Journey into Poetry: Megan Willome

I could start this post talking about Mrs. Sullivan, who helped our fifth-grade class publish a book of poems called “Pegasus.” I could also talk about Mrs. Gorychka, who had us write a lot of poetry in her creative writing class that I took in 10th grade. But my journey into poetry kicked into high gear when my mom’s cancer returned in 2007.

She was supposed to have died sometime between fifth and 10th grade, but she hung on. This time she wasn’t going to pull through. So I turned to poetry. Only poetry seemed strong enough, yet it was short enough to keep me from getting bogged down. I could take a single image — a slice of apple pie, a bluebonnet — and capture a moment I didn’t want to lose. I wrote 72 poems. Actually, I wrote more than a 100, but some of them really sucked. I’ve revised the remaining ones a dozen times or more.

After my mom died, I thought I’d never write another poem. Enter Susan Wooldridge’s book Poemcrazy, which my Tuesday writers’ group took up. That book got me playing with words and experimenting again. Since then, our group has become all poetry, all the time. We’re on our fourth book now. We’re all getting better.

Only recently did I start putting poems up on my blog. It has been both scary and rewarding. The scary part is obvious. The rewarding part is that people seem to see things in my poems that I can’t — not so much hidden meaning as layers of meaning. So when I wrote a poem about laundry, and people asked if there had been a lot of tension in my home lately, well, um, yeah. They were right. I loved that poetry found things that I didn’t know were there.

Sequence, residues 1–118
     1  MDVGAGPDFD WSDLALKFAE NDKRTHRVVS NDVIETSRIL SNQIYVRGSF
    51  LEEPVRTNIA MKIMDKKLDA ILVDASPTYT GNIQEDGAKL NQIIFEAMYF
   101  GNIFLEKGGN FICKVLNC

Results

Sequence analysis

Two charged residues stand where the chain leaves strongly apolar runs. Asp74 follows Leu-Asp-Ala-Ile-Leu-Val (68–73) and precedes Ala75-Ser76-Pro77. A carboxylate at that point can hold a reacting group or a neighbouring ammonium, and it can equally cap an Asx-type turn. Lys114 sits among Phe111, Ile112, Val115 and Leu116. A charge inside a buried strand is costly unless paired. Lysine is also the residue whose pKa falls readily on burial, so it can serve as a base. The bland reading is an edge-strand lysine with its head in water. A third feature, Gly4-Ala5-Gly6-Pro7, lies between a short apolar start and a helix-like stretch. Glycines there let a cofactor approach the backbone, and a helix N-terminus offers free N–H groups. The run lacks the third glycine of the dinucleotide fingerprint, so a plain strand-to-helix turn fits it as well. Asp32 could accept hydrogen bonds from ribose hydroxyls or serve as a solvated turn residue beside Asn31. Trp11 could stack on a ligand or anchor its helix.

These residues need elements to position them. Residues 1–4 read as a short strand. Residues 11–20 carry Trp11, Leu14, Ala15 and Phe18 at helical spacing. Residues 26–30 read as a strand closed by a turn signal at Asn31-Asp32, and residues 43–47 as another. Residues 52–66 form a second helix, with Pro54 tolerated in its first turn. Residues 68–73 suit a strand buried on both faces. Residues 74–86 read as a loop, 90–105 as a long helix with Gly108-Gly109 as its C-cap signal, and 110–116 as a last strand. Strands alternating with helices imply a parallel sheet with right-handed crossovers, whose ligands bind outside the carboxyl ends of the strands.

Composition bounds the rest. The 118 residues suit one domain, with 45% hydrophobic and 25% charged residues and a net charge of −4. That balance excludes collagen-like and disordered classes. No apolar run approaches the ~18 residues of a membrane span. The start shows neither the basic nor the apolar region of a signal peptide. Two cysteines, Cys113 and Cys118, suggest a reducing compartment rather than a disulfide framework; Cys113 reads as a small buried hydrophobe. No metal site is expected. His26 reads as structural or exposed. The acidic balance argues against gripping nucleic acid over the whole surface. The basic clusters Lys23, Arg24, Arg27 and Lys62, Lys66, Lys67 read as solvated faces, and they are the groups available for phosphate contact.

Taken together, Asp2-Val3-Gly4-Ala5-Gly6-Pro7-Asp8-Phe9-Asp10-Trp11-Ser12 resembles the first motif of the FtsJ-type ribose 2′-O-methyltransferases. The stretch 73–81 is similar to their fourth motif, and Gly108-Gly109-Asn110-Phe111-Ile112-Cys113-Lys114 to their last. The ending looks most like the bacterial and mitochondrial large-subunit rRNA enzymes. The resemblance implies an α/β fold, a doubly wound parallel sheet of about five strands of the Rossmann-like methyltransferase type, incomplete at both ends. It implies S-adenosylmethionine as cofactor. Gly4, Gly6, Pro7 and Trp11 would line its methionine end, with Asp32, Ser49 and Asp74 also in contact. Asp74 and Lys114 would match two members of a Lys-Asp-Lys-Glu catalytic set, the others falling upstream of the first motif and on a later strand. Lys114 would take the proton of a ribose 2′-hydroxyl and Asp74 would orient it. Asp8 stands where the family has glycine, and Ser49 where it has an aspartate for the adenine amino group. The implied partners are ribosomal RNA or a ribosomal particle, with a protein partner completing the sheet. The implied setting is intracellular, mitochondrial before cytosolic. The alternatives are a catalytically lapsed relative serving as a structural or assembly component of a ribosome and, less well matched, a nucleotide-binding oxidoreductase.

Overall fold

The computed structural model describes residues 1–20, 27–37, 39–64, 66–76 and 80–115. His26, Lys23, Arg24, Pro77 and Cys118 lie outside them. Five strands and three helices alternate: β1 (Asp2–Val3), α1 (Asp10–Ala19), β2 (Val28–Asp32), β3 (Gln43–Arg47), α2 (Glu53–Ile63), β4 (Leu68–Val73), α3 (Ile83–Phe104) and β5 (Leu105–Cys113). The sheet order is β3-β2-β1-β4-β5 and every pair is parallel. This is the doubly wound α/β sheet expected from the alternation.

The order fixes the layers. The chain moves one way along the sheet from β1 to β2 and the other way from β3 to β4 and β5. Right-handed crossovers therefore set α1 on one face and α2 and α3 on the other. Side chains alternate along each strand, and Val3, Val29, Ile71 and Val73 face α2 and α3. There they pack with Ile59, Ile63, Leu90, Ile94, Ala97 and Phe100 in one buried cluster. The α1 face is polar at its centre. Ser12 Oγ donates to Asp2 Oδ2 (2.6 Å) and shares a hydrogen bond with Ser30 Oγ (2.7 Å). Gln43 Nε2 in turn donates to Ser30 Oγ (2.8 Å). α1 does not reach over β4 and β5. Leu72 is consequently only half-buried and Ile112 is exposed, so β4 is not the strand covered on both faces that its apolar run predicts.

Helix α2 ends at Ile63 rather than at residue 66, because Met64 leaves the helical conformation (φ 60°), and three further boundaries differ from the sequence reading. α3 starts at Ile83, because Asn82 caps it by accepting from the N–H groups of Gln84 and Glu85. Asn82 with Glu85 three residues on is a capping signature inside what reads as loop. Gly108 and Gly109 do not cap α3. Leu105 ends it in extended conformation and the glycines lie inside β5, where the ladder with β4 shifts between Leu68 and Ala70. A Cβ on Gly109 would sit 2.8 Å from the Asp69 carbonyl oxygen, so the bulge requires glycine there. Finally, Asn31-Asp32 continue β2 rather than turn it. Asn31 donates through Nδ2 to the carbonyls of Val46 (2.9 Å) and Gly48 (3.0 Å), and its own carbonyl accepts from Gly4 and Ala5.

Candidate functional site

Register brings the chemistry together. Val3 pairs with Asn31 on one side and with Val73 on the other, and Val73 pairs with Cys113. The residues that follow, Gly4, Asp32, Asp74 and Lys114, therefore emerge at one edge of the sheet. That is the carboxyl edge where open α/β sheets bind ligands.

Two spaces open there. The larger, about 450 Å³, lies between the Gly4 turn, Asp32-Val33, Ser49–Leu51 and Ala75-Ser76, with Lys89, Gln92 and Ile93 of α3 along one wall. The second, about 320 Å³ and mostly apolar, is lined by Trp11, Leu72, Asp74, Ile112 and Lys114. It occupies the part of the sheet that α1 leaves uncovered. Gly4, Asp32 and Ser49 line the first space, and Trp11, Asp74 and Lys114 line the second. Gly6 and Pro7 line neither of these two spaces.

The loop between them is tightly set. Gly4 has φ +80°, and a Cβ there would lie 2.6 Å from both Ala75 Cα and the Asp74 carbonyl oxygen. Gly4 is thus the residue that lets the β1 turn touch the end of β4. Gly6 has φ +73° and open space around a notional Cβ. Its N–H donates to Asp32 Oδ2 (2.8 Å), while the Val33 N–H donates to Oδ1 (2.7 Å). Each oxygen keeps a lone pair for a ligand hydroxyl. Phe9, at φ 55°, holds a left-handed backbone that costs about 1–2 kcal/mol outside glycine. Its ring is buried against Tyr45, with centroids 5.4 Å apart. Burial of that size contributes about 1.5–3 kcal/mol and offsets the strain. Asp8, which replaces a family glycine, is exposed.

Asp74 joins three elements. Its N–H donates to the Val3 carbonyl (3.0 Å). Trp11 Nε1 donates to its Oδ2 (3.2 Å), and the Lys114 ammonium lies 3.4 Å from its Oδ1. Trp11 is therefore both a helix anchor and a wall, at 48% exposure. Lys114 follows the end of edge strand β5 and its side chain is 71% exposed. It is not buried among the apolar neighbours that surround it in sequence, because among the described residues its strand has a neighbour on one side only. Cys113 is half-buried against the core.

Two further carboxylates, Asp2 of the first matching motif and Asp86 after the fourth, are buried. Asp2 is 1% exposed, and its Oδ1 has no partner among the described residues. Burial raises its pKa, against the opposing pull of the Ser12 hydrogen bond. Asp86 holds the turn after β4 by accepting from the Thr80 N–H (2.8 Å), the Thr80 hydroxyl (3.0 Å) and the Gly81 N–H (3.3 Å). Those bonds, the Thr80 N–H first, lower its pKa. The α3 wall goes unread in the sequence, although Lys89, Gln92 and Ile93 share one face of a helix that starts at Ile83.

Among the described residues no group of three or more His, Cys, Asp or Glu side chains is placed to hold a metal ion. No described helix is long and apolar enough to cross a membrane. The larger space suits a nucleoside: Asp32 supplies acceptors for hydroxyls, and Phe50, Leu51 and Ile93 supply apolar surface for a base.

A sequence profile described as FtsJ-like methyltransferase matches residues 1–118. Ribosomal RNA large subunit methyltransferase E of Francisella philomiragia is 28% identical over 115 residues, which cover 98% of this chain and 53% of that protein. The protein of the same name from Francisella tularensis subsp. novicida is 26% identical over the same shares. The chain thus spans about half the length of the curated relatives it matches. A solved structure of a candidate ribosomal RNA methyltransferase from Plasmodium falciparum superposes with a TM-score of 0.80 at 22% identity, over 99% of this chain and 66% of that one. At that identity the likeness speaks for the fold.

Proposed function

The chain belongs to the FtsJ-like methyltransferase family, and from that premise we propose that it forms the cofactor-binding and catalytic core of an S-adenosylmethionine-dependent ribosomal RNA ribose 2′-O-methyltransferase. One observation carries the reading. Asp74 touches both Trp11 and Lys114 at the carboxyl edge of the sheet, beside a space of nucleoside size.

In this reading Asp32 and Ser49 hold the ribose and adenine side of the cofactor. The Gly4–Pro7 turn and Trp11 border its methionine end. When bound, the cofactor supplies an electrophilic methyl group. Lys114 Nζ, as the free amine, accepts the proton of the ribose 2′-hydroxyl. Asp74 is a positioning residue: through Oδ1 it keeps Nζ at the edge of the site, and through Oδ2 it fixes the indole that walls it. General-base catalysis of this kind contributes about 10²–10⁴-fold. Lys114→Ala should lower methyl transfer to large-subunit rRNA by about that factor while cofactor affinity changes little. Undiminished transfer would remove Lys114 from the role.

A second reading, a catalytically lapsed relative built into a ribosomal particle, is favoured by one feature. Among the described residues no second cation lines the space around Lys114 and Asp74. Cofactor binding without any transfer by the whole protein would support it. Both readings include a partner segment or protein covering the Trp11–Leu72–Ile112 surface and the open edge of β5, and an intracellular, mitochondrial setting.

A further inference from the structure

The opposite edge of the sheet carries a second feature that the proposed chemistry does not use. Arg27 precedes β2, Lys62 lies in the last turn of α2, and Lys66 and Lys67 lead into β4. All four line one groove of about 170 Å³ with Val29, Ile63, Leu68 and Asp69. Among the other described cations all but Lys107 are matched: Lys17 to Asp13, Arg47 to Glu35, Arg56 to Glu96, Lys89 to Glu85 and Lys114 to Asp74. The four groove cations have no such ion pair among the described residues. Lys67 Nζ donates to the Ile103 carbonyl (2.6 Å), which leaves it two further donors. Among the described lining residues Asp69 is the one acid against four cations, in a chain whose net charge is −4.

So I keep hanging out here at Tweetspeak and in my poetry group. I subscribe to Every Day Poems, and I read American Life in Poetry and the Writer’s Almanac, looking for a good poem. Yours or mine. It doesn’t matter.

. . . . .


Mom and her five grandchildren made the cover
of a new cancer book: “The Smile Never Fades.”

My daughter, my nephew, and my oldest niece
smile big, hopeful smiles.

My son tries not to smile, while still looking

My 2-year-old niece, safe in my mother’s arms,
wails. She’s done being nice.

As soon as the photo shoot is over, she shrieks,
sticks her thumb in her mouth,
throws herself on the floor.

If I could, sweetheart,
I would grab my blankey,
lay myself down next to you.
You won’t have to smile anymore.
I promise.

Photo by WestPark. Creative Commons, via Flickr. Post by Megan Willome.

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  1. says

    I sure do like finding you here this morning. :)

    Working my way through those 72 poems helped me know you better, Megan. I’m grateful for that.

    And this: “poetry found things that I didn’t know were there.” Yeah. That.

  2. L. L. Barkat says

    Poetry always does that. And sometimes I think it brings things that weren’t there, adds them in.

    Megan, a very touching piece. And I loved the simplicity of “Tantrum.” Grief has its odd simplicity, which this captures beautifully.